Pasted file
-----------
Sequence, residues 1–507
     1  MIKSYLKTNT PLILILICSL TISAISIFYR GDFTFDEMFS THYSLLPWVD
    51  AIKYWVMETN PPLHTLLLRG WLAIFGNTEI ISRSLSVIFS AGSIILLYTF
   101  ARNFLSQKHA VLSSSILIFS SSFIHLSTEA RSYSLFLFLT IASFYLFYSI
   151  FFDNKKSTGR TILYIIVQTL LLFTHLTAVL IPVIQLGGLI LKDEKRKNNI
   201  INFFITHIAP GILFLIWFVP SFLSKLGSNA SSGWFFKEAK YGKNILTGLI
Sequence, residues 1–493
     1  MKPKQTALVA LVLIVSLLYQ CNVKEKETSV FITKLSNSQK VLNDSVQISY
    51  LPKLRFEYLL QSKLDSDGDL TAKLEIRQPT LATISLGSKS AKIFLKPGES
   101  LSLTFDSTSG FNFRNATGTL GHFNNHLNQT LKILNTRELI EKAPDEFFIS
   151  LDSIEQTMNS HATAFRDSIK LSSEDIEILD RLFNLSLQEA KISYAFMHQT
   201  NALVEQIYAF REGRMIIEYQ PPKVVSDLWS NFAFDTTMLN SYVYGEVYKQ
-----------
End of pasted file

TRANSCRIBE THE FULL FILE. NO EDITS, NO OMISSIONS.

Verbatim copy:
Sequence, residues 1–507
     1  MIKSYLKTNT PLILILICSL TISAISIFYR GDFTFDEMFS THYSLLPWVD
    51  AIKYWVMETN PPLHTLLLRG WLAIFGNTEI ISRSLSVIFS AGSIILLYTF
   101  ARNFLSQKHA VLSSSILIFS SSFIHLSTEA RSYSLFLFLT IASFYLFYSI
   151  FFDNKKSTGR TILYIIVQTL LLFTHLTAVL IPVIQLGGLI LKDEKRKNNI
   201  INFFITHIAP GILFLIWFVP SFLSKLGSNA SSGWFFKEAK YGKNILTGLI
Sequence, residues 1–493
     1  MKPKQTALVA LVLIVSLLYQ CNVKEKETSV FITKLSNSQK VLNDSVQISY
    51  LPKLRFEYLL QSKLDSDGDL TAKLEIRQPT LATISLGSKS AKIFLKPGES
   101  LSLTFDSTSG FNFRNATGTL GHFNNHLNQT LKILNTRELI EKAPDEFFIS
   151  LDSIEQTMNS HATAFRDSIK LSSEDIEILD RLFNLSLQEA KISYAFMHQT
   201  NALVEQIYAF REGRMIIEYQ PPKVVSDLWS NFAFDTTMLN SYVYGEVYKQ